1) Notes: (South Kendon, co. Essex). Blazon: Ar. a fesse erm. betw. two bars gemelles (another, barrulets) sa. Crest—Out of a ducal coronet a stag’s head browsing a hawthorn all ppr. berried or.
2) Notes: None. Blazon: Ar. a saltire gu. betw. four fleurs-de-lis az.
3) Notes: None. Blazon: Or, a chev. sa. in dexter chief a bird of the last.
4) Notes: None. Blazon: Az. an inescutcheon or, (another, ar.).
5) Notes: None. Blazon: Ar. a bordure az.
6) Notes: None. Blazon: Ar. a fesse erm.

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References   [ + ]

1. A Complete Guide to Heraldry, A.C. Fox-Davies, Bonanza (re-print of 1909 Edition), New York, 1978, P69
2. The Symbolisms of Heraldry, W. Cecil Wade, George Redway, London, 1898 P39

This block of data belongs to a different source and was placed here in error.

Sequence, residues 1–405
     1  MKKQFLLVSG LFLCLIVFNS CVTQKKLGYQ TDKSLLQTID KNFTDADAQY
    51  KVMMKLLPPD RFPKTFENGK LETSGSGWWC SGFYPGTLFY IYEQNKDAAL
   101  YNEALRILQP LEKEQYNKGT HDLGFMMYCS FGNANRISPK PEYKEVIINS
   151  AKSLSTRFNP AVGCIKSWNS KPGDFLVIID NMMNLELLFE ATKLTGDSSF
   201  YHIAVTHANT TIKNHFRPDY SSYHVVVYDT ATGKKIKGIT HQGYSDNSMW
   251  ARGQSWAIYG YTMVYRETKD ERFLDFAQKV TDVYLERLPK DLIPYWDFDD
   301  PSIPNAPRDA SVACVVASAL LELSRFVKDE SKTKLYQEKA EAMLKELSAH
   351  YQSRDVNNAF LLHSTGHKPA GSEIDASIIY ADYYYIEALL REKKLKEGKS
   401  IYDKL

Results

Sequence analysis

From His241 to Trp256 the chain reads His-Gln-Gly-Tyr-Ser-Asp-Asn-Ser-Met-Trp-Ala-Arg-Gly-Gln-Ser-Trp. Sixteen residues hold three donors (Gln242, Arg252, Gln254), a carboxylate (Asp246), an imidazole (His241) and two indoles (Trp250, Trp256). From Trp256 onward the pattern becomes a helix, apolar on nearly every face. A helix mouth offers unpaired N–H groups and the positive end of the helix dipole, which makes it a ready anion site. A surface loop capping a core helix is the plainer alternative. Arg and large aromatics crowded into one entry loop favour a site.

3. Boutell’s Heraldry, J.P. Brooke-Little, Warne, (revised Edition) London 1970, P 28
4. Boutell’s Heraldry, J.P. Brooke-Little, Warne, (revised Edition) London 1970, P 27
5. A Complete Guide to Heraldry, A.C. Fox-Davies, Bonanza (re-print of 1909 Edition), New York, 1978, P85
6. Understanding Signs & Symbols – Heraldry, S. Oliver & G. Croton, Quantum, London, 2013, P53
7. A Glossary of Terms used in British Heraldry, J.H. Parker, Oxford, 1894, Entry:Sable
8. Boutell’s Heraldry, J.P. Brooke-Little, Warne, (revised Edition) London 1970, P 26
9. The Symbolisms of Heraldry, W. Cecil Wade, George Redway, London, 1898 P35
10. A Glossary of Terms used in British Heraldry, J.H. Parker, Oxford, 1894, Entry:Saltire
11. A Display of Heraldry, J. Guillim, Blome, London, 1679, P63
12. Boutell’s Heraldry, J.P. Brooke-Little, Warne, (revised Edition) London 1970, P 3
13. The Symbolisms of Heraldry, W. Cecil Wade, George Redway, London, 1898 P134
14. A Complete Guide to Heraldry, A.C. Fox-Davies, Bonanza (re-print of 1909 Edition), New York, 1978, P489
15. A Glossary of Terms used in British Heraldry, J.H. Parker, Oxford, 1894, Entry:Fesse